North Korea says missile launch was response to rivals' drills
North Korea said it fired an intercontinental ballistic missile (ICBM) to “strike fear into the enemies” as South Korea and Japan agreed to work closely on regional security with the US and staged military exercises around the region.
The missile was launched on Thursday morning, hours before South Korean President Yoon Suk Yeol met with Japanese Prime Minster Fumio Kishida at a summit partly aimed at rebuilding security ties between the US allies in the face of North Korean nuclear threats.
With four missile displays in about a week, North Korea has ratcheted up its tit-for-tat response to ongoing US-South Korean military drills that are the biggest of their kind in years.
The Biden administration wants better South Korea-Japan ties, which declined over historical issues in recent years, as it pushes to strengthen its alliance network in Asia to counter the North Korean nuclear threat and China’s rising influence.
Aside from their combined exercises that began on Monday and run through March 23, the US and South Korea are also participating in anti-submarine warfare drills, along with Japan, Canada and India, that began on Wednesday.
North Korea’s official Korean Central News Agency (KCNA) said leader Kim Jong Un supervised the test-firing of the Hwasong-17 missile and stressed the need to “strike fear into the enemies” over what it called the “open hostility” shown to the North by the US-South Korea exercises.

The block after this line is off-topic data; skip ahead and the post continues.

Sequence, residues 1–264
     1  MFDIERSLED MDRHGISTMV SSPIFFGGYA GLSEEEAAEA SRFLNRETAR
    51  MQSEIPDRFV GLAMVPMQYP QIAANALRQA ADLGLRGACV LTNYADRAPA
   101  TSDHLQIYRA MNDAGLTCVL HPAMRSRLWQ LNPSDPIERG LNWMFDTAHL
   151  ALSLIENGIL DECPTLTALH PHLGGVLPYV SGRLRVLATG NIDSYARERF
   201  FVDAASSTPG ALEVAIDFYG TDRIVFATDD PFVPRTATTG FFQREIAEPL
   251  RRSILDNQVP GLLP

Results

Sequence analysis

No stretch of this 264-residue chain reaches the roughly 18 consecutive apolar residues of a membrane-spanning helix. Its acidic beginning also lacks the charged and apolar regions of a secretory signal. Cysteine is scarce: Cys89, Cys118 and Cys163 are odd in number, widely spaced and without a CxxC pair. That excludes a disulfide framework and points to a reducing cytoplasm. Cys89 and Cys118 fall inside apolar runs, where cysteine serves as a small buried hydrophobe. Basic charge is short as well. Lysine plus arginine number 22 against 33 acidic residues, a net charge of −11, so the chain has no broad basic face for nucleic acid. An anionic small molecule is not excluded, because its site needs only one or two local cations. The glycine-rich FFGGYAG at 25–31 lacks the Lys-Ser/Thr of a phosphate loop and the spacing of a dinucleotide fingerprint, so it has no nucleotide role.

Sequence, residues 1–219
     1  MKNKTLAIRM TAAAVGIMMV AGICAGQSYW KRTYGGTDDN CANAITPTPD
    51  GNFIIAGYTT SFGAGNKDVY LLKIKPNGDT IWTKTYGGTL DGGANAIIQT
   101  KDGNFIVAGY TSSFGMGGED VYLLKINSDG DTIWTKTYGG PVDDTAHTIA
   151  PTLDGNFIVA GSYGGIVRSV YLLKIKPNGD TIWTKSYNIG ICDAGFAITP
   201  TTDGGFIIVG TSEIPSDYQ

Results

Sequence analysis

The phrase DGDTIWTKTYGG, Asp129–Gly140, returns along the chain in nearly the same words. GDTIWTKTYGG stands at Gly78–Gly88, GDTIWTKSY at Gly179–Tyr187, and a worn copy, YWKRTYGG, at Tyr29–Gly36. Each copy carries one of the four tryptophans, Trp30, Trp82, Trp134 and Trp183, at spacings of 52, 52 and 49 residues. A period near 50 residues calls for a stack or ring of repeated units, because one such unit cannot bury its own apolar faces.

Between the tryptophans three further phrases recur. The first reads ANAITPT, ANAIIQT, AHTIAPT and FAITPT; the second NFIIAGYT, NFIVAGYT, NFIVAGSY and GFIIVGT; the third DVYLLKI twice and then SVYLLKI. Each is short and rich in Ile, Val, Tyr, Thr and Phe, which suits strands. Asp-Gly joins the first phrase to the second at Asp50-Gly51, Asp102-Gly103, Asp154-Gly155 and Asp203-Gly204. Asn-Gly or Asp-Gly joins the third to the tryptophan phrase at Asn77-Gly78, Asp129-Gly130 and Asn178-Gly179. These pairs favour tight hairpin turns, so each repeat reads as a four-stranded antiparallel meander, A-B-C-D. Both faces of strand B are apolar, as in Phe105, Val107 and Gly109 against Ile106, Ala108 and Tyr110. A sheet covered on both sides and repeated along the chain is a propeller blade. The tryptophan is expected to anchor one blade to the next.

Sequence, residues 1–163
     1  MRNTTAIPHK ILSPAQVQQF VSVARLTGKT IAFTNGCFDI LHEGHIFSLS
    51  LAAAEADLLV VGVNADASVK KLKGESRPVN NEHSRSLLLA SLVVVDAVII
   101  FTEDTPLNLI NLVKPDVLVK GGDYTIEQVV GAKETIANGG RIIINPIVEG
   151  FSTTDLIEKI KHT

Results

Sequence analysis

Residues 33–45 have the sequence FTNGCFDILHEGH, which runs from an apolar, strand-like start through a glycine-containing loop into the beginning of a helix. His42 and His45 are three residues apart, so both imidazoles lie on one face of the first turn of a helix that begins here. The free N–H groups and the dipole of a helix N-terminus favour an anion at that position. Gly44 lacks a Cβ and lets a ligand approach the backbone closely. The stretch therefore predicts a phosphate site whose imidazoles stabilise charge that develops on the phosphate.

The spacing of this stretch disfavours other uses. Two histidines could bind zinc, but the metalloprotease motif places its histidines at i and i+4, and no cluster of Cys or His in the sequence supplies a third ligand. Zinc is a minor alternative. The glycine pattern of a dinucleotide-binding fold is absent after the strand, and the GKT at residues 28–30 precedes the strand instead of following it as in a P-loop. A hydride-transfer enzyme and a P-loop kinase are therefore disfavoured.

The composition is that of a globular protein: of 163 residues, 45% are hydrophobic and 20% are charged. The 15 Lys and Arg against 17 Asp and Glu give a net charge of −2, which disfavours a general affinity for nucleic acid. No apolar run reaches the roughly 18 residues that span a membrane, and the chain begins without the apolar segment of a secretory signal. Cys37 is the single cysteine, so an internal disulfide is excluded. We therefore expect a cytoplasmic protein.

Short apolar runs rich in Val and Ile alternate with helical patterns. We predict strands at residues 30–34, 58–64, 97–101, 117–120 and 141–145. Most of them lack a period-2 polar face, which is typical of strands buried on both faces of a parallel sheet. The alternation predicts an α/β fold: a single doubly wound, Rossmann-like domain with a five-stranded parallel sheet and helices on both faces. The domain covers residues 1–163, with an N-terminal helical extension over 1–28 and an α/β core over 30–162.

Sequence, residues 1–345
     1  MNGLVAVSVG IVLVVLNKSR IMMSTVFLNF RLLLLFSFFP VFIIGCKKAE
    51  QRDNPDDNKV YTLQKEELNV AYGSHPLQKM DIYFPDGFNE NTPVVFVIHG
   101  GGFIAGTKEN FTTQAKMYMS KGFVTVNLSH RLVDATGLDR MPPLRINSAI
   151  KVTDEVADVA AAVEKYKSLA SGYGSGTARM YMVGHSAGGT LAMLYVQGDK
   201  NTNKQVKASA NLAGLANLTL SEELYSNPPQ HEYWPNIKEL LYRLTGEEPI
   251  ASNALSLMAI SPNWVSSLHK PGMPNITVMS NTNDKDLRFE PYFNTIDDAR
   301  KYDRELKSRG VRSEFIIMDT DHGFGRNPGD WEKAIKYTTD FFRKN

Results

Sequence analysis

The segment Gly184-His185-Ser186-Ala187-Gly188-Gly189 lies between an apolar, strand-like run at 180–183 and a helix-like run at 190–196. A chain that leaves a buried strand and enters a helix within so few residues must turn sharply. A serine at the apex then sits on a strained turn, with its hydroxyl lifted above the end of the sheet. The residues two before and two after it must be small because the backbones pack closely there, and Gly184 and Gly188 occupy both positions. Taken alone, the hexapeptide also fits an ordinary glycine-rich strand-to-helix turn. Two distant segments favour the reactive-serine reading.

Launched at a high angle to avoid the territory of North Korea’s neighbours, the missile reached a maximum altitude of 6,045 kilometres (3,756 miles) and travelled 1,000 kilometres (621 miles) before landing in waters off the country’s eastern coast, KCNA said.
The South Korean and Japanese militaries assessed the flight similarly, indicating the the US mainland is within the missile’s range.
It remains unclear whether North Korea has developed nuclear bombs small enough to fit on its long-range rockets or the technology to ensure its warheads survive atmospheric re-entry when fired at a normal trajectory.
North Korea’s official Rodong Sinmun newspaper published photos of Mr Kim watching from afar as the missile blasted off from a launch vehicle parked on an airport runway.
Mr Kim was accompanied by a girl who appeared to be his daughter, believed to be named Kim Ju Ae and about 10-years-old.
She has accompanied him to several military events since she was publicly revealed for the first time during another ICBM launch in November.
Analysts say the intent of her public appearances at military events is to tie the dynastic rule of Mr Kim’s family to the nuclear arsenal Mr Kim sees as the strongest guarantee of his survival.
Rodong Sinmun also published photos implied to have been taken by a camera on the missile as it soared into space. They showed a rounded view of the Earth, with clouds scattered over what appeared to be the Korean Peninsula and Asian coastline.
The photos were apparently intended as proof the missile would be capable of accurately striking its target, said Cheong Seong-Chang, a senior analyst at South Korea’s private Sejong Institute.
KCNA said the ICBM launch sends a “stronger warning” to North Korea’s rivals who are escalating tensions with their “frantic, provocative and aggressive large-scale war drills”.
Mr Kim said it is crucial for North Korea’s nuclear missile forces to maintain readiness to counterattack rivals with “overwhelming offensive measures anytime” and make them realise their persistent and expanded military actions will “bring an irreversible, grave threat to them”, according to KCNA.
Lee Hyojung, spokesperson of South Korea’s Unification Ministry, which handles inter-Korean affairs, said it is deeply regrettable that the North continues to use the US-South Korean military drills as an excuse to stage provocative military demonstrations.
“It’s clear that North Korea’s reckless nuclear and missile development is the cause of escalating tensions on the Korean Peninsula,” she said, urging Pyongyang to return to dialogue.